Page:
Black Magic (oz6)


Black Magic (oz6) by Fred Hempsall 1956 - plan thumbnail

About this Plan

The New Black Magic. Free flight power model. Fred Hempsall's 1947 plan for a 60 in sport model here is redesigned for RC flying, in Aug 1956 Aeromodeller.

Quote: "BLACK MAGIC was first published in the September 1947 Aeromodeller, and has been a firm favourite of thousands of sport fliers ever since. Good looks, clean lines and snappy reliable performance have accounted for its success.

Reader R Garman, searching for a suitable radio control design for his ED 2.46 decided Black Magic had definite possibilities and wrote to the Editor regarding structural modifications. It was decided to strengthen the mainplane anchorage, the fuselage cabin structure and the wing tips. The fin area was increased and the original knock-off plate type engine mount replaced with an adaptable ply plate on bearers, which will accommodate varying sizes of motor. Mr Garman still favours the old type mounting, however, and says it has saved his crankcase on several occasions, so we leave this particular design feature to the choice of the individual builder.

The new drawing shows installation for the normal battery sizes, e.g., B122 or B123 for H/T and U12 for L/T, etc. Mr Garman, however, uses a set with fairly heavy current consumption and therefore employs heavier batteries.

Those people who have flown radio models extensively will appreciate another suggestion by Mr Garman. Instead of leaving the rear undercarriage legs as one complete length of wire he cuts it through the centre, taps the two ends 4 BA and joins them by means of a 4 BA sleeve. This
enables the undercarriage to be replaced when necessary without disturbing the structure. Those people without taps and dies could easily solder a copper sleeve over the two ends, which would do the job just as usefully.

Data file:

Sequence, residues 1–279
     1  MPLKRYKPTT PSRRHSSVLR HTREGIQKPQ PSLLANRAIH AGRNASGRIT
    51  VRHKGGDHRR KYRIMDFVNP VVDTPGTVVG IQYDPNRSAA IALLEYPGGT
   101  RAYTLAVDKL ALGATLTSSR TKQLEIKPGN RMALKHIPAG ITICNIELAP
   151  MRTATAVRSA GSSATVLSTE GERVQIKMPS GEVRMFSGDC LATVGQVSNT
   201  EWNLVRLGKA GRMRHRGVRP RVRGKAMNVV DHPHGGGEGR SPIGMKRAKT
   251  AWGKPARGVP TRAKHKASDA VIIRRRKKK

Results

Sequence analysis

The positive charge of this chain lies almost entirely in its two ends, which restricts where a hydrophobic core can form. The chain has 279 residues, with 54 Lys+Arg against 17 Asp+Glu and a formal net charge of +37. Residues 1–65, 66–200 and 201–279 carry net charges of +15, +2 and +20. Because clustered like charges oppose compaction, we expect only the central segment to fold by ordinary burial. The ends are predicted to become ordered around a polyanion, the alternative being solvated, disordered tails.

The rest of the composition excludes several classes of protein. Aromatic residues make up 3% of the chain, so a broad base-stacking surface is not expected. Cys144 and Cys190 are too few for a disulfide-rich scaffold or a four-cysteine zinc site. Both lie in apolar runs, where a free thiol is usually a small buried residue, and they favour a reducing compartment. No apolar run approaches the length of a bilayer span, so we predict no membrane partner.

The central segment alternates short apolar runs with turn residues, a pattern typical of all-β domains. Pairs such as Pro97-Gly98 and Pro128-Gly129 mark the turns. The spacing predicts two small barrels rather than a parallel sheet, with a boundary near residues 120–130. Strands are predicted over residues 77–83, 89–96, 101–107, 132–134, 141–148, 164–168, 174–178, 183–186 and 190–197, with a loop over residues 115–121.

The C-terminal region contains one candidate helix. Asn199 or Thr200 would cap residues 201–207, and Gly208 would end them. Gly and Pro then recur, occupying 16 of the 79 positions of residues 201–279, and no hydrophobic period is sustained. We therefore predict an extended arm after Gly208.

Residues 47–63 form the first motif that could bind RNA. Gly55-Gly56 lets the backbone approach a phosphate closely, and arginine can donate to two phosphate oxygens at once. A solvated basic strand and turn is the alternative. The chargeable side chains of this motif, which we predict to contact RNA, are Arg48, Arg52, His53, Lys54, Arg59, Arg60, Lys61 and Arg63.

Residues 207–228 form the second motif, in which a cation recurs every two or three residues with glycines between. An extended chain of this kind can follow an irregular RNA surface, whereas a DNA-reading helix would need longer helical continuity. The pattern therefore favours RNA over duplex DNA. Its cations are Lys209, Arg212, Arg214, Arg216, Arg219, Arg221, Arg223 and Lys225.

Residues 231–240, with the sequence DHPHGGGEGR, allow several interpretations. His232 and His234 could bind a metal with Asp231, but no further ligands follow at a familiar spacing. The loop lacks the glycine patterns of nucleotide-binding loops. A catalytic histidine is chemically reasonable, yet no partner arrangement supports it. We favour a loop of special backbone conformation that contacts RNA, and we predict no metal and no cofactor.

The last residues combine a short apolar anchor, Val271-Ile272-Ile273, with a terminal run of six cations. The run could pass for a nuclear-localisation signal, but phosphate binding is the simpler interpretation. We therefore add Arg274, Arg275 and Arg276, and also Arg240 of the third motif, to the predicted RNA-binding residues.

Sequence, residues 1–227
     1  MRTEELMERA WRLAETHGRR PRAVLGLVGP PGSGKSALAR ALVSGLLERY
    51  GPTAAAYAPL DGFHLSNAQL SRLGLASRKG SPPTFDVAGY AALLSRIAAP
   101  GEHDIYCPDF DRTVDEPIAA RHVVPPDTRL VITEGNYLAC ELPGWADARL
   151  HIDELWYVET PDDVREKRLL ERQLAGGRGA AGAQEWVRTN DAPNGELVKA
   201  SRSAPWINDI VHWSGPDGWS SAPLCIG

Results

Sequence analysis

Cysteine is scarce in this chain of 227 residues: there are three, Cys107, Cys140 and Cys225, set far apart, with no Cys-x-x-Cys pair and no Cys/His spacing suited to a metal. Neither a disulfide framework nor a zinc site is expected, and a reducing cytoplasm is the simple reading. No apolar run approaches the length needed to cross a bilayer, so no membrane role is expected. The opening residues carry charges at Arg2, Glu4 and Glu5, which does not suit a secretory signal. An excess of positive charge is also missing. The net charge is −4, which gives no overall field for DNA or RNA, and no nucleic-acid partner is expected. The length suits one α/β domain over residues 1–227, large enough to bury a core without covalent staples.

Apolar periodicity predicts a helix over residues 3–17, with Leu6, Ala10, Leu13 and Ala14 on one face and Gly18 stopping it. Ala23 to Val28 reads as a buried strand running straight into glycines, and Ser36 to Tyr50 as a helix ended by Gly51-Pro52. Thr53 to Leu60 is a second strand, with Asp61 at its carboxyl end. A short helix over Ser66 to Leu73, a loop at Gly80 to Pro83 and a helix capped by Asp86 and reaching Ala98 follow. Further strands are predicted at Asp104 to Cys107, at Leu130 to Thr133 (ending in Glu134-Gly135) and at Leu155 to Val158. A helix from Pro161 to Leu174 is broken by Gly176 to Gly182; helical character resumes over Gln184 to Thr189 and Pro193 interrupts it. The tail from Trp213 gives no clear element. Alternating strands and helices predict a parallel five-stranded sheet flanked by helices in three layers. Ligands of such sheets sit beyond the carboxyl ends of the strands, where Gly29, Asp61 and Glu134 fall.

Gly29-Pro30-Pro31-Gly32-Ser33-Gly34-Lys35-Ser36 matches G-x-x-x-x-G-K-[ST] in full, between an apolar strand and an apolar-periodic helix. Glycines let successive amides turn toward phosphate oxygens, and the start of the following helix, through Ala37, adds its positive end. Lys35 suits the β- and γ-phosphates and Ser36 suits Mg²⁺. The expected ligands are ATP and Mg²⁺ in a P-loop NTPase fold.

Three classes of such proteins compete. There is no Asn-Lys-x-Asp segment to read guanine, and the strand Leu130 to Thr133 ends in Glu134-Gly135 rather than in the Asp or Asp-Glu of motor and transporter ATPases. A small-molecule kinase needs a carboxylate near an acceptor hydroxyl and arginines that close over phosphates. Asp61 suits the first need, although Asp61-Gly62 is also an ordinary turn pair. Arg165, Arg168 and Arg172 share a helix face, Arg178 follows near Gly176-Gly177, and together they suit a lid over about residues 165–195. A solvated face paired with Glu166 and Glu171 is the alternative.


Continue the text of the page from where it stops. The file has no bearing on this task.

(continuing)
Another scheme would be to insert a hardwood block between formers F2 and F3 at the bottom of the fuselage and attach by means of bolts inserted in the block, a 14-gauge strip dural one-piece undercarriage. This provides an easily removable unit which can be replaced when necessary and is a popular method in America particularly with radio control kit models such as the Trixter Beam (oz2864) and Live Wire (oz5554) series."

Update 29/06/2016: Added article, thanks to RFJ.

Update 26/02/2020: Added article re electric conversion from Electric Flight International, January 2002, thanks to RFJ.

Quote: "Black Magic! Eric Leadley describes the construction of his second Black Magic, a 60 inch span model that will fly on any motor from a geared 500 to a brushless.

About 14 years ago I bought a kit for a 40 (IC) powered biplane, it was a scale model of a Sopwith Pup. This lay around the house for about 2 years or more and never got started, for whatever reason - I cannot remember. I must have finally given up with it because I remember going to the local model shop (Dave Smith Models) and exchanging it for a Flair Black Magic kit. At that time the new OS 26 four stroke had just come out and I had spent hard earned cash on one and this would seem to be an ideal combination.

First Black Magic: Spare time in those days was at a premium so it took a while to put the kit together and by the time it was almost finished I had acquired an electric Buggy motor and a plan for an electric glider called the Kilowatt. The building of this then took over from the finishing of the Magic. This was my introduction to electric flying and to keep the story short - electrics took over.